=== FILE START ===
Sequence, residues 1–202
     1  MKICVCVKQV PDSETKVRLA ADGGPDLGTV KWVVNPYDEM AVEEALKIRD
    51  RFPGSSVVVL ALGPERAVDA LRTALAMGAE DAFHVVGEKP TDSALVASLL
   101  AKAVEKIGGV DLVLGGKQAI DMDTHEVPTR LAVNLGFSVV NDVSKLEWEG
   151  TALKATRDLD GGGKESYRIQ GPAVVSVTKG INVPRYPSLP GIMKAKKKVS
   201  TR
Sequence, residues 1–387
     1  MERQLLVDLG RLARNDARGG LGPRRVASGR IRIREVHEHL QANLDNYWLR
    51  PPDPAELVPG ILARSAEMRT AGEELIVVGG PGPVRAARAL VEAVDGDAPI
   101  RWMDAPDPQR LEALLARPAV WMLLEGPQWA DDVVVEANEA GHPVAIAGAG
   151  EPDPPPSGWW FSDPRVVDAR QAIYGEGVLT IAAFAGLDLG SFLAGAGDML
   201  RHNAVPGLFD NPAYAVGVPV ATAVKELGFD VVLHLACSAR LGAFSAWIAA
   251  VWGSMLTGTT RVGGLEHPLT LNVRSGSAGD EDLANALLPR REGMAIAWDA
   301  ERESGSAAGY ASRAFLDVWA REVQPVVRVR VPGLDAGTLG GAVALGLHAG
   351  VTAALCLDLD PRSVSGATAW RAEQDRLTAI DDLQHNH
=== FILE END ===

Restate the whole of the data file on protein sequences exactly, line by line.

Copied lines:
Sequence, residues 1–202
     1  MKICVCVKQV PDSETKVRLA ADGGPDLGTV KWVVNPYDEM AVEEALKIRD
    51  RFPGSSVVVL ALGPERAVDA LRTALAMGAE DAFHVVGEKP TDSALVASLL
   101  AKAVEKIGGV DLVLGGKQAI DMDTHEVPTR LAVNLGFSVV NDVSKLEWEG
   151  TALKATRDLD GGGKESYRIQ GPAVVSVTKG INVPRYPSLP GIMKAKKKVS
   201  TR
Sequence, residues 1–387
     1  MERQLLVDLG RLARNDARGG LGPRRVASGR IRIREVHEHL QANLDNYWLR
    51  PPDPAELVPG ILARSAEMRT AGEELIVVGG PGPVRAARAL VEAVDGDAPI
   101  RWMDAPDPQR LEALLARPAV WMLLEGPQWA DDVVVEANEA GHPVAIAGAG
   151  EPDPPPSGWW FSDPRVVDAR QAIYGEGVLT IAAFAGLDLG SFLAGAGDML
   201  RHNAVPGLFD NPAYAVGVPV ATAVKELGFD VVLHLACSAR LGAFSAWIAA
   251  VWGSMLTGTT RVGGLEHPLT LNVRSGSAGD EDLANALLPR REGMAIAWDA
   301  ERESGSAAGY ASRAFLDVWA REVQPVVRVR VPGLDAGTLG GAVALGLHAG
   351  VTAALCLDLD PRSVSGATAW RAEQDRLTAI DDLQHNH